It’s probably the best, simplest way to describe COVID-19.
“This spreads so quickly and so efficiently.”
That was Dr. Kevin Fitzgerald on La Crosse Talk PM Monday. He practices family medicine at Mayo Clinic Health System in La Crosse County, and is often part of the Coulee COVID-19 Collaborative health briefings.
Two of the main topics discussed were hospital capacity and how long a COVID-19 patient is hospitalized. For those who do end up in the hospital, it’s not just a quick in and out.
“The moderately ill patients, usually 3-5 days and really, the severely ill patients are much longer,” Fitzgerald said. “If someone ends up on a ventilator, they could end up in the hospital a very very long time — weeks to even a month.
“Our more ill patients, when they get into the hospital, they have to get ivee therapies — some of the steroid medications like Decadron and antibody therapies. And those have to be done over a period of days.”
Fitzgerald added that they are starting to do these ivee therapies in an “outpatient settings” to save space and staff in the hospital, as long as the patient can handle being at home.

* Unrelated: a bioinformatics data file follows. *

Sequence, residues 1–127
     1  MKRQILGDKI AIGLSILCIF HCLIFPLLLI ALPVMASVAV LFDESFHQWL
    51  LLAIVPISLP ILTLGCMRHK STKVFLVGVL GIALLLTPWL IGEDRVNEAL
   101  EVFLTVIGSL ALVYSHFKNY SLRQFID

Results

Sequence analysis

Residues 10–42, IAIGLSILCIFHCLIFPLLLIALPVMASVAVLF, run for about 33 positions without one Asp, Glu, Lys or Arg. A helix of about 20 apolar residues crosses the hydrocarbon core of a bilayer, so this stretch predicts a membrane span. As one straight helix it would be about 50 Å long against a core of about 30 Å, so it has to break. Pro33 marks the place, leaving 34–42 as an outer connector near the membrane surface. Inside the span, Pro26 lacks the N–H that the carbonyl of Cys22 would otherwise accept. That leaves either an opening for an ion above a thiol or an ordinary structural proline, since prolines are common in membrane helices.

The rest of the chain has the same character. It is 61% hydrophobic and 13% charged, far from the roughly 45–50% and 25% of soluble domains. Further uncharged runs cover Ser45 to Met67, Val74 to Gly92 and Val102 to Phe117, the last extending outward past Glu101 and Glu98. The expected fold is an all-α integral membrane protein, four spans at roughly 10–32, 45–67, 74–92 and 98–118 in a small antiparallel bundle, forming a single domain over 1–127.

The Coulee COVID-19 Collaborative between Mayo, Gundersen Health System and the La Crosse County Health Department will be holding a public briefing at 3:15 p.m. Wednesday, and can be seen by clicking here.
As COVID-19 hospitalizations increase in La Crosse, the county’s two healthcare giants — Mayo and Gundersen — are having to make sacrifices.
“It’s a lot,” Fitzgerald said. “So, we have converted entire floors over to taking care of COVID patients — things that would otherwise have taken overnight stays.
“Our surgical floor is now a COVID floor. And we’ve kind of displaced those things to other places.”
Fitzgerald added hospital space is one thing that’s diminishing, but there’s another side to the dilemma — staffing.
“So if those staff are pulled to do COVID issues, you have to take that resource from something,” he said. “So, right now, the debate is, ‘Do you pull back on some of the other elective surgeries and other cases, at least temporarily, to make sure you have enough staff to take care of the sick people?’”
It’s all a domino effect that La Crosse County, the state, the country are in the midst of
More COVID-19 patients in the community, leads to more in the hospital, and that creates a need for more healthcare workers to take care of everyone — healthcare workers that are doubly exposed to the virus both in the hospital and in the community. That, then takes them out of commission either with the virus or having to quarantine from a close contact.